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Missouri state trooper disciplined after blowing the whistle on in-custody drowning death

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A Missouri highway patrol officer who criticized the department after a handcuffed man fell into water and drowned has been more harshly punished than the officer who failed to secure a life vest on the deceased man.

Veteran state trooper Randy Henry was demoted from sergeant to corporal and transferred from his post of nearly three decades at the Lake of Ozarks, the Springfield News-Leader reports. In March, Henry told public officials during a committee hearing that lack of training, but also recklessness and poor judgment contributed to the death of 20-year-old Brandon Ellingson last year.

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Ellingson had been pulled over in the Lake of Ozarks and arrested by water patrol officer Anthony Piercy last May on suspicion of boating while intoxicated, the News-Leader reports. Instead of properly securing him with a life vest, Piercy pulled an already-buckled vest over Ellingson’s head and upper torso. Ellingson’s wrists were handcuffed behind his back.

The college student tumbled from the boat and the life vest slipped off quickly. He drowned and died.

A special prosecutor declined to charge Piercy in the death, and it was ruled accidental. Sources told the Kansas City Star that he was suspended for five days.

“It was a slap on the wrist,” a former water patrol officer told the Star. “It was nothing.”

The highway patrol’s marine division has been under scrutiny since Ellingson’s death, the Star reports. Missouri lawmakers found since a 2011 merger between the highway patrol and state water patrol, training has been lacking. Piercy was a veteran road officer, but the Star discovered he had only two days of field training before being sent out on the water alone.

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Henry’s attorney, Chet Pleban, told the Star the department has been looking to retaliate against the officer for being a whistle blower, sending him for mental health evaluations that turned up “no cause for concern,” then launching a “professional standards” investigation.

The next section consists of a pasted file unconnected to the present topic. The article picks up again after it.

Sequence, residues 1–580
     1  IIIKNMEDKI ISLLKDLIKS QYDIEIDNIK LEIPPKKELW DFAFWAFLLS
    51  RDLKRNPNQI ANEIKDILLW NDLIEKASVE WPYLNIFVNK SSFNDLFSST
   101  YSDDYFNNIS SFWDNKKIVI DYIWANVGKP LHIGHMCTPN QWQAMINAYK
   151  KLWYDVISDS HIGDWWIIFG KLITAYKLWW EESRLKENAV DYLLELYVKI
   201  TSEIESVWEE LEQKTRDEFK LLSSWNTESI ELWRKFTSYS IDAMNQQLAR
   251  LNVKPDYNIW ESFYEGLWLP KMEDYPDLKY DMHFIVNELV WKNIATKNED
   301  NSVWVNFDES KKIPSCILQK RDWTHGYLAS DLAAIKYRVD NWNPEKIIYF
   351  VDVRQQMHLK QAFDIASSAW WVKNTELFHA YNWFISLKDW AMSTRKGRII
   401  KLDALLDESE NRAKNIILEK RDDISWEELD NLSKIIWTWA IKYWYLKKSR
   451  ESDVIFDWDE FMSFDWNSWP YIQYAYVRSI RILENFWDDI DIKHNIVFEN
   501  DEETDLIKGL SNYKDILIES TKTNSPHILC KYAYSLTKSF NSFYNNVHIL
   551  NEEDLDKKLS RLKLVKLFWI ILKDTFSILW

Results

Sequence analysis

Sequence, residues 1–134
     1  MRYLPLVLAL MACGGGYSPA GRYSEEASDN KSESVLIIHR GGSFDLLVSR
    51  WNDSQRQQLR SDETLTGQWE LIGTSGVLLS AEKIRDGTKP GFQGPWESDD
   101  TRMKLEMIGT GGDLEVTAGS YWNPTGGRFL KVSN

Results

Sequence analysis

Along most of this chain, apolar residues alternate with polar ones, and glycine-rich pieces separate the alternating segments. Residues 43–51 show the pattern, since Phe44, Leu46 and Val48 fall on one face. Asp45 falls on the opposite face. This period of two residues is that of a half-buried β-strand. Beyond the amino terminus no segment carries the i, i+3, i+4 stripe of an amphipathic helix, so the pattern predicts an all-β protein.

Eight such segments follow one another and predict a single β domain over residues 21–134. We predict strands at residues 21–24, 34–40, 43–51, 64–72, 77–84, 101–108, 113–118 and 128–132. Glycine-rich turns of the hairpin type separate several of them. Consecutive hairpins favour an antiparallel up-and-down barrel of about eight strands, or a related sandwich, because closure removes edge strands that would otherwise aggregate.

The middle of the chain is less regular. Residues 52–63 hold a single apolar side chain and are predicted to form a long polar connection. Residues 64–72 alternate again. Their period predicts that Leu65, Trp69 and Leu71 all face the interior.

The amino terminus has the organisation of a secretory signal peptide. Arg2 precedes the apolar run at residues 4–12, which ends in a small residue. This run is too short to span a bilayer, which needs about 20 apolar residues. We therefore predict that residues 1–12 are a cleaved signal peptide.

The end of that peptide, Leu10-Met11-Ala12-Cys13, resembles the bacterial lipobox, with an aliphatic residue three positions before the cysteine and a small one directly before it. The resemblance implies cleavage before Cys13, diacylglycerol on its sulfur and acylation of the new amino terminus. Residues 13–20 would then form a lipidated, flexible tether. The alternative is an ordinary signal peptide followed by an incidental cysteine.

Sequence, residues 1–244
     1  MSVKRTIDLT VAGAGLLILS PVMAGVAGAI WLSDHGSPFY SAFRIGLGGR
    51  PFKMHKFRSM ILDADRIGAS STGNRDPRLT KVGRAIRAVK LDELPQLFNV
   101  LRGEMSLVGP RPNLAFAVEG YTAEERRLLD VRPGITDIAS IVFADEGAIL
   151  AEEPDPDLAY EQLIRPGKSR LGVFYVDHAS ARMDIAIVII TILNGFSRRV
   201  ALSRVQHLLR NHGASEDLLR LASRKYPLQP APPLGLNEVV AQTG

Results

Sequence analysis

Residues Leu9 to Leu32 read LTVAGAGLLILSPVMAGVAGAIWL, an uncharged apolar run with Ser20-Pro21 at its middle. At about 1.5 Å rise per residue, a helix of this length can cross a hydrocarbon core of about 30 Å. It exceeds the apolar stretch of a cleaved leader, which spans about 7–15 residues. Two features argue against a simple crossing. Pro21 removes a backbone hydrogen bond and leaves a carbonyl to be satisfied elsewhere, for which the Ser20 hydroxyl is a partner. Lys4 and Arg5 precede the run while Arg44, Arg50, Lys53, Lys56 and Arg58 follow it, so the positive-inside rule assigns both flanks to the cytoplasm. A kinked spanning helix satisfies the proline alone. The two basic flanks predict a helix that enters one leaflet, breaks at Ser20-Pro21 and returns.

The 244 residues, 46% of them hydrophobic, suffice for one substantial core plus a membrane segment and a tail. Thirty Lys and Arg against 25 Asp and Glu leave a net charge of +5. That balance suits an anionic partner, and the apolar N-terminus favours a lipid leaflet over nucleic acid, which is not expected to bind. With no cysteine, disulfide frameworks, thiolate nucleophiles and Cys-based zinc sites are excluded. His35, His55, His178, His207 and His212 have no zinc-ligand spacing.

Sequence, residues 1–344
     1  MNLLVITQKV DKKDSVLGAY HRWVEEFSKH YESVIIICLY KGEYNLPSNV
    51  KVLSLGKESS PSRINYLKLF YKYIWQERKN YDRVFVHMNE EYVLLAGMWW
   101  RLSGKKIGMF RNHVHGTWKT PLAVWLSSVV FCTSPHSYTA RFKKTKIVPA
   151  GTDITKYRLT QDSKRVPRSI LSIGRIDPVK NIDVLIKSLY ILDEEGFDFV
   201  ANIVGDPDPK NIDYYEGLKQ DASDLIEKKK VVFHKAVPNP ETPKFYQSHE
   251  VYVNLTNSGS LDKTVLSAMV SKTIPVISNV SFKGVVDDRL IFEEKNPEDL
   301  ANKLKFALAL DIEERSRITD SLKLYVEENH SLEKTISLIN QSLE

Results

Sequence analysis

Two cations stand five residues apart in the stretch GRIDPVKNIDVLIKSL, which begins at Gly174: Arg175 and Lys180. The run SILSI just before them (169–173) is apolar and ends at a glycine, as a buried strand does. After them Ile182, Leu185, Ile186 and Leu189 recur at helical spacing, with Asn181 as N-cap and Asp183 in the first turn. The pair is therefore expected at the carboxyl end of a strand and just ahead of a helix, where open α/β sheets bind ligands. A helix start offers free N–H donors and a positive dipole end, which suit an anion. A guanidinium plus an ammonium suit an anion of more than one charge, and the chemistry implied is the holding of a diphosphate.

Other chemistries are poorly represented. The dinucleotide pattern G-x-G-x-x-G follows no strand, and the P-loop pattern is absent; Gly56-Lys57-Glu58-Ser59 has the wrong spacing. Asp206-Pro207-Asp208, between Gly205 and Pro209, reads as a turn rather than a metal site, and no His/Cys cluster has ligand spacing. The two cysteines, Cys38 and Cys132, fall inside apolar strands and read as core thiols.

“You’re going to make that man move from his home, where he’s lived for 19 years, and force him to move to Truman Lake?” where Henry was transfered, Pleban asked the Star. “And you’re going to say that’s not retaliation, malicious and vindictive?”

Henry has appealed the discipline and transfer from Lake of the Ozarks, the Star reports.

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In a secluded region in Russia’s Arctic they are rejecting Putin in rare protest

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Lyudmila Laptander, an activist advocating autonomy for her mineral-rich Nenets region in the Russian Arctic, worries authorities are planning to sacrifice its traditions for the promise of economic enrichment.

"If Nenets is merged with another region, I worry that no one will look after our language or our traditions, and that our small villages in the tundra will be forgotten," said Laptander, 61, a member of the Yasavey cultural group.

The autonomous region on the edge of the Arctic Ocean was gripped by protests in May against the government's plans to integrate it with neighbouring Arkhangelsk.

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People are paying to hire this donkey to crash their Zoom meetings

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The coronavirus pandemic has led millions of people to embrace meetings via Zoom, but admittedly, those can be as tedious as in-person conferences.

So one animal sanctuary in Canada, in dire need of cash after being forced to close to visitors, found a way to solve both problems.

Meet Buckwheat, a donkey at the Farmhouse Garden Animal Home, who is ready to inject some fun into your humdrum work-from-home office day -- for a price.

"Hello. We are crashing your meeting, we are crashing your meeting -- this is Buckwheat," says sanctuary volunteer Tim Fors, introducing the gray and white animal on a Zoom call.

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Republican senators are suddenly trying to social distance — from Trump

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There’s something interesting in today’s news:

A number of Republican Senators have said they are skipping the Republican National Convention this year. The convention was originally scheduled in Charlotte, North Carolina, but at Trump’s insistence was relocated to Jacksonville, Florida, last month. The stated reason was that Democratic North Carolina Governor Roy Cooper would not commit to permitting a full convention out of concerns about the spread of coronavirus, but the abrupt switch to Florida, less than 80 days before the convention, still seems odd to me. Regardless, the switch has created a new problem: Florida is in the midst of a dramatic spike in coronavirus cases, setting a record for new cases in a single day during the weekend —11,458—and running low of ICU beds.

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